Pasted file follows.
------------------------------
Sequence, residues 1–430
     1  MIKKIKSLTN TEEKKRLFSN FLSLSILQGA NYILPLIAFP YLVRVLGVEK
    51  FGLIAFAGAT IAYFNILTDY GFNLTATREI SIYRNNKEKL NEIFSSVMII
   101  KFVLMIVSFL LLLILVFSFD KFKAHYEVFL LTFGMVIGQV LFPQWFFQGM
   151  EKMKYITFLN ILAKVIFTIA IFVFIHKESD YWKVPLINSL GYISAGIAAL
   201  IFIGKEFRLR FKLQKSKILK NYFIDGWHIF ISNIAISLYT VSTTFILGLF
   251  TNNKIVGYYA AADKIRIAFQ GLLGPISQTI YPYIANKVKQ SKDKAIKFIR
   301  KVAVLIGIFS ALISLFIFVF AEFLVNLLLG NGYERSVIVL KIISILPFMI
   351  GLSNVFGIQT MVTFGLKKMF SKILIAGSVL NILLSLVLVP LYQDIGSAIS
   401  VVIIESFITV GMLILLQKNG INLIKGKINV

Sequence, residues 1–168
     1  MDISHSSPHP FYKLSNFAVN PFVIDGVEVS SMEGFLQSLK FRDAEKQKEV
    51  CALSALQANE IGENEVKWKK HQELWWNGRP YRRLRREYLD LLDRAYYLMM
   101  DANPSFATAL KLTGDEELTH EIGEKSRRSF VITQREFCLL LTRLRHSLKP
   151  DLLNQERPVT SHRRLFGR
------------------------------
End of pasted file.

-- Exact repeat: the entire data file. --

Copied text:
Sequence, residues 1–430
     1  MIKKIKSLTN TEEKKRLFSN FLSLSILQGA NYILPLIAFP YLVRVLGVEK
    51  FGLIAFAGAT IAYFNILTDY GFNLTATREI SIYRNNKEKL NEIFSSVMII
   101  KFVLMIVSFL LLLILVFSFD KFKAHYEVFL LTFGMVIGQV LFPQWFFQGM
   151  EKMKYITFLN ILAKVIFTIA IFVFIHKESD YWKVPLINSL GYISAGIAAL
   201  IFIGKEFRLR FKLQKSKILK NYFIDGWHIF ISNIAISLYT VSTTFILGLF
   251  TNNKIVGYYA AADKIRIAFQ GLLGPISQTI YPYIANKVKQ SKDKAIKFIR
   301  KVAVLIGIFS ALISLFIFVF AEFLVNLLLG NGYERSVIVL KIISILPFMI
   351  GLSNVFGIQT MVTFGLKKMF SKILIAGSVL NILLSLVLVP LYQDIGSAIS
   401  VVIIESFITV GMLILLQKNG INLIKGKINV

Sequence, residues 1–168
     1  MDISHSSPHP FYKLSNFAVN PFVIDGVEVS SMEGFLQSLK FRDAEKQKEV
    51  CALSALQANE IGENEVKWKK HQELWWNGRP YRRLRREYLD LLDRAYYLMM
   101  DANPSFATAL KLTGDEELTH EIGEKSRRSF VITQREFCLL LTRLRHSLKP
   151  DLLNQERPVT SHRRLFGR